My friend Fran wondered on Facebook what people were giving up for Lent. There were some great suggestions in the list when I checked in:
Re-reading the Gospels through the lens of food mentioned in them ...
I would like to give up certainty.
Putting God in my contacts list on my phone to remind me to pray as much as I talk
Living in this economy is Lent enough, especially when you're losing your job
I'm still trying to figure out where I'm going in Lent. Give up? Take on? Both? Neither? Play Scrabble (again)?
Will I take Lent as a season of penitence, with its disciplines to be taken on for the prescribed time and joyfully put aside at Easter, or a time of conversion, where I experiment with new disciplines, work that will begin in the dark and somber days of Lent, but move out into Eastertide? Where should the balance lie for me, this year?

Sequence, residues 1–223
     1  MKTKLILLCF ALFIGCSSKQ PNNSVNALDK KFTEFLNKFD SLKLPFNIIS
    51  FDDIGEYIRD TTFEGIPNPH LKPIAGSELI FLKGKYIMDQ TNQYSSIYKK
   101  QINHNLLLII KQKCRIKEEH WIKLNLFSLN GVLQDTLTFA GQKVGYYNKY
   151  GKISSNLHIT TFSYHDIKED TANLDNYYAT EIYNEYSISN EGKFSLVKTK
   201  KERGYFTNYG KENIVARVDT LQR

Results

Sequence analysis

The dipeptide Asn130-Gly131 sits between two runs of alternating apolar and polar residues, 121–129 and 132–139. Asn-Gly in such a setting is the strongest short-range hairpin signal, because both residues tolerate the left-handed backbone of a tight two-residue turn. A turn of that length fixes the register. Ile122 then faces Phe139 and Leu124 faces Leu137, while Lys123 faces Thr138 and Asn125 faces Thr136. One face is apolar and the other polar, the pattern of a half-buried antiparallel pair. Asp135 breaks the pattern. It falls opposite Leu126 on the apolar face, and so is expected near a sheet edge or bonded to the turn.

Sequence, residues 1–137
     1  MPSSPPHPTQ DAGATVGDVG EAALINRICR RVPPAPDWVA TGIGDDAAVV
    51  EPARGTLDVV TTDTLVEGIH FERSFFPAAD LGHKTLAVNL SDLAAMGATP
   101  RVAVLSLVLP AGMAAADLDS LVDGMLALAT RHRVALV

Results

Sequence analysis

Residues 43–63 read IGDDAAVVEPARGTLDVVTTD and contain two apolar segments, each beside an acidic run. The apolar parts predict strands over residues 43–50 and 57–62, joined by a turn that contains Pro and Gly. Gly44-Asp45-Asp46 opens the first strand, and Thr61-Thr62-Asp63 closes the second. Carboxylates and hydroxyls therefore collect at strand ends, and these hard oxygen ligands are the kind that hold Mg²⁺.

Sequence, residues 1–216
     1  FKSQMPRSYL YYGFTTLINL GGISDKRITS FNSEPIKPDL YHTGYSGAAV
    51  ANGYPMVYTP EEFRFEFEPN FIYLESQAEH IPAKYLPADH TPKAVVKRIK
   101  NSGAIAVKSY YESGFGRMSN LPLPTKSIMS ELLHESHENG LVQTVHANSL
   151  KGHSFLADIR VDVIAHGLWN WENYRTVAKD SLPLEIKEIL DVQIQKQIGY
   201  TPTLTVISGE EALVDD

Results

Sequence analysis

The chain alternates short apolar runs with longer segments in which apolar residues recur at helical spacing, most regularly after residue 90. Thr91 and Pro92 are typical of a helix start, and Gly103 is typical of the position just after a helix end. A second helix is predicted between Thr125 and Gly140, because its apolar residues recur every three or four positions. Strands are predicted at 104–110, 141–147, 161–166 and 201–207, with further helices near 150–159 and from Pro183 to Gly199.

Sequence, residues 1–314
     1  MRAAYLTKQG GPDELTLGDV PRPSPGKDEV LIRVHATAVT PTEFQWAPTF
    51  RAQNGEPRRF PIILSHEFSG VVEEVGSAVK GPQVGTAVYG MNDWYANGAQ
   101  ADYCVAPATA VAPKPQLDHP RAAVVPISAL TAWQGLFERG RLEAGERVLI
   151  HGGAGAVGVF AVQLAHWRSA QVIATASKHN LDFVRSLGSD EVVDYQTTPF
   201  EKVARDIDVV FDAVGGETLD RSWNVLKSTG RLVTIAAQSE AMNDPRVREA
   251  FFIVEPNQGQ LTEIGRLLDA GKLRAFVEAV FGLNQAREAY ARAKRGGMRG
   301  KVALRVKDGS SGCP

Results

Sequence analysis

I'm wary of taking on too much, not because it will be burdensome or too hard, but because I fear it will be too easy — wading safely through shallow waters rather than risking all in entering the watery depths. I wrote a couple of years ago of Lent's spiritual bustle: "While Advent’s stillness carries with it a sense of expectation and encourages a silence that lets the quiet voice of a newborn be heard, Lent often seems to bustle noisily, generating its own spiritual to-do list. We give up, take on, confess, convert. But do we sit still?" The psalm certainly says "Be still," but it goes on to say "know that I am God." The question this year might be am I willing not only to be still, but to want to know God in the depths of my heart, to be open to an encounter with God that might shake me to my core, that might wash over me like a torrent?